Basil Scott, C.J.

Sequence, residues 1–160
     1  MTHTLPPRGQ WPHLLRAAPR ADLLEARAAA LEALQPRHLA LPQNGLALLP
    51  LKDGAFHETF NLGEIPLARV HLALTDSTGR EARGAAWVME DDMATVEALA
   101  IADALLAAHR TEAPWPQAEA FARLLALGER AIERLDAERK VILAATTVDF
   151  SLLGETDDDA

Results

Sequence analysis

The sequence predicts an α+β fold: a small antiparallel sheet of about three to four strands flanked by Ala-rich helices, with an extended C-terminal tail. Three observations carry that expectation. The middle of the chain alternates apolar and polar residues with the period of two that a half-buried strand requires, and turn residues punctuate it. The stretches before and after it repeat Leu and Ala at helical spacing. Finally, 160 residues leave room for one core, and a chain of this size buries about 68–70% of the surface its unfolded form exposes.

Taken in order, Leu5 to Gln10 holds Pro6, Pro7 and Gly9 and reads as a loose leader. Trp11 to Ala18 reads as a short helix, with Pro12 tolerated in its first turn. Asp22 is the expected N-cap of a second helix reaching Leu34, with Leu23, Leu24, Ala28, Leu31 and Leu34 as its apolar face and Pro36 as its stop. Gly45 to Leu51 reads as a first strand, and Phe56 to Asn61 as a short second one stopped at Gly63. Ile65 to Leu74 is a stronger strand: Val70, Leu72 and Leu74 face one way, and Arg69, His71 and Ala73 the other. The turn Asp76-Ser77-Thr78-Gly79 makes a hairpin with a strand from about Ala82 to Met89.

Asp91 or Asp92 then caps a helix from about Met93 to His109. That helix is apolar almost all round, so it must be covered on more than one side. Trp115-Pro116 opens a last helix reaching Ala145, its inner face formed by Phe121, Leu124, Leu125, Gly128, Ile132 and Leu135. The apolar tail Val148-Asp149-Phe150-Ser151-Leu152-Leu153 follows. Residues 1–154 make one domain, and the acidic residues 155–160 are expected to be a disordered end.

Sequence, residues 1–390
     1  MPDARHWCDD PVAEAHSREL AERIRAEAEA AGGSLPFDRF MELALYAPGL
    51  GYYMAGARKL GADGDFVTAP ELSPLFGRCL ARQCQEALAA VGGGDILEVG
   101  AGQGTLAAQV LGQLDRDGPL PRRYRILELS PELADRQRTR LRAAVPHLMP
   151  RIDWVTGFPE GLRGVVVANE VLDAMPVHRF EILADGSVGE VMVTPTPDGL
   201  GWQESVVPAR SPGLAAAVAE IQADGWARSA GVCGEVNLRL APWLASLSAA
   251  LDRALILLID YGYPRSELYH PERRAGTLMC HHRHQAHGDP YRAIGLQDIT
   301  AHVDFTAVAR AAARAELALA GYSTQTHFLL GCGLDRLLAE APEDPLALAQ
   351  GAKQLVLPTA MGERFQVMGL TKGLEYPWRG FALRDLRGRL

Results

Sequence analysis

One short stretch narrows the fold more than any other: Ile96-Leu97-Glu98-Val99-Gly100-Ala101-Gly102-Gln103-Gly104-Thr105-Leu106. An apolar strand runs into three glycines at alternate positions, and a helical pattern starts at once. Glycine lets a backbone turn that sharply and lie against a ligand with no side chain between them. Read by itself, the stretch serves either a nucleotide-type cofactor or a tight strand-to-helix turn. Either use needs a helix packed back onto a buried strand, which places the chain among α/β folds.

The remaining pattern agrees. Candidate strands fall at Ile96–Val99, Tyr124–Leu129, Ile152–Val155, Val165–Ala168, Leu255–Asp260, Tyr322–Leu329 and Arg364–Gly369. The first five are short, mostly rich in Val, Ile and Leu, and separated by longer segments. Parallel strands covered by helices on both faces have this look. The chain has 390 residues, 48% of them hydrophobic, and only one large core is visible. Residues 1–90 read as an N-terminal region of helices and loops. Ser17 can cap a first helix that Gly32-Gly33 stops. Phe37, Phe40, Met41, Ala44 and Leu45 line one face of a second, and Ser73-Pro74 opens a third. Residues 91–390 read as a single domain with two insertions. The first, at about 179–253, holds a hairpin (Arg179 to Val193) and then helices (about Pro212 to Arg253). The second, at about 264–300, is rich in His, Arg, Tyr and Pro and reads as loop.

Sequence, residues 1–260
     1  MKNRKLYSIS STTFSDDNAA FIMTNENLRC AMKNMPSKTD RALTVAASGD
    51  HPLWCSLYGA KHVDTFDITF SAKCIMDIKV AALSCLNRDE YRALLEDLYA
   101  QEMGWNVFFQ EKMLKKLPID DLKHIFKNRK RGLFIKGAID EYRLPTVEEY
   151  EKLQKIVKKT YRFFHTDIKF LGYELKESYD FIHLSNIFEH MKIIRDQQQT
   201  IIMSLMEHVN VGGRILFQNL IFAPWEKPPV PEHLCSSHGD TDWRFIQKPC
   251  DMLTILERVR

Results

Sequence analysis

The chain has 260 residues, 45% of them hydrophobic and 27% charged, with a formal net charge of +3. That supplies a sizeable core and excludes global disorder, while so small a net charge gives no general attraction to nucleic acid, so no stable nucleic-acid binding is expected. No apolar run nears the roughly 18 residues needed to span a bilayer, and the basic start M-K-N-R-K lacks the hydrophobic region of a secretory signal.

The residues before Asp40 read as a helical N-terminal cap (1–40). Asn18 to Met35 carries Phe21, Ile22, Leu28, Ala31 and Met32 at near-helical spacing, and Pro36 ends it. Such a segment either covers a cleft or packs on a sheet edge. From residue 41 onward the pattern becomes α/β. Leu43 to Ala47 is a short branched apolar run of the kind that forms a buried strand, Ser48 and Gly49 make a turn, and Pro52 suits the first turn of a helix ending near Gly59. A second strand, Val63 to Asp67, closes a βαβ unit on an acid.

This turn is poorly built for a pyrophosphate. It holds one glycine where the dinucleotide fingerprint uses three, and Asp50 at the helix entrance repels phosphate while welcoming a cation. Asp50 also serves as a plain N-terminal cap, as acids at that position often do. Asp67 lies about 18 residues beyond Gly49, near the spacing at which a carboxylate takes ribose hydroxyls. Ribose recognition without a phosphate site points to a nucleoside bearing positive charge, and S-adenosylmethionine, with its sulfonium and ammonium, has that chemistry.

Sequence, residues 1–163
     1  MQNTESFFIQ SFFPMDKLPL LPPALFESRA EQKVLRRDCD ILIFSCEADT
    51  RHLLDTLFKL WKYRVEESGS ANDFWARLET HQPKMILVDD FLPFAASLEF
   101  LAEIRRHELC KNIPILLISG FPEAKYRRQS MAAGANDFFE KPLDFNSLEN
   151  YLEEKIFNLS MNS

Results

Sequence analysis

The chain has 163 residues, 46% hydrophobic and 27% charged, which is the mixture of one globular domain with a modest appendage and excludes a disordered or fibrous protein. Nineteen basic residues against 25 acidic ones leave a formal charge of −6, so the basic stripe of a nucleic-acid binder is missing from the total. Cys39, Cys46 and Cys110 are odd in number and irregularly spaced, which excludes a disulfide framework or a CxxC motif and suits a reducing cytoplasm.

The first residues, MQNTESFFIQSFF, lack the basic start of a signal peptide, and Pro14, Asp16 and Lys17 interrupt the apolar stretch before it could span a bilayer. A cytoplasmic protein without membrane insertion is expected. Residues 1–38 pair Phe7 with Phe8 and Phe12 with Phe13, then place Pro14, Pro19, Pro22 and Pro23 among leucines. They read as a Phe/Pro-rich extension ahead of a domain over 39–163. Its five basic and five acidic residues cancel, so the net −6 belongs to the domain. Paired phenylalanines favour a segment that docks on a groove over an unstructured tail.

1. This is an application in execution which gives rise to a rather original position. It was presented by the decree-holder in a suit in which it had been decreed that the applicant might open a new door in the southern wall of his house. The person against whom the decree was passed Opposes the application on the ground that the applicant having been given in adoption since the date of the decree has no right to take out execution. The decree presumably was in respect of his natural father's house and for the benefit of that house. It was passed in 1908. The decree-holder was subsequently adopted, and after his adoption sought to execute the decree. It is contended that he by his adoption had lost his rights in his natural family, and the only person entitled to execute the decree was the person entitled to the house, and that person must be the heir of Narsidas, the natural father of the applicant. Now the applicant was adopted by his natural father's first cousin Bhagwandas. Therefore his relation to his natural father was no higher than that of Bhagwandas. Narsidas, however, had left a daughter who has a son, and the daughter's son is to be preferred to a first cousin in the western India. The only ground on which the applicant after his adoption could be entitled to execute the decree in respect of property inherited from his natural father would be on the theory that he lived in his natural family until his adoption and then died, having acquired a vested interest descendible to his heir. The daughter's son of Narsidas would then be the sister's son of the applicant, and the son of Bhagwandas, i. e., the applicant himself, would be a preferential heir. Any such fiction, however, appears to be untenable having regard to the definite pronouncement of the Privy Council in Nagindas Bhagwandas v. Bachoo Hurkis Sondas . At the close of the judgment is cited a passage from a judgment of Mr. Justice Mitter in which it is stated that the theory of adoption involves the principle of a complete severance of the child adopted from the family in which he is born, both in respect of the paternal and the maternal line, and his complete substitution into the adopter's family as if he were born in it. Then the Privy Council observes that with that statement as to the Hindu law of adoption their Lordships agree. The result is that the fiction goes the length of treating the adopted son as having been from his birth in the family of his adoptive father, and, therefore, he cannot for any purpose be regarded as having existed so as to acquire a vested interest in the property of his natural father. The consequence is that he must be treated as non-existent for the purpose of the execution of the decree, and the nearest heir of Narsidas will be the daughter's son. For these reasons the objection to the application appears to be a good one. We must set aside the decree of the District Court and dismiss the Darkhast, As it is a very novel and technical point, we think that each party should bear his own costs.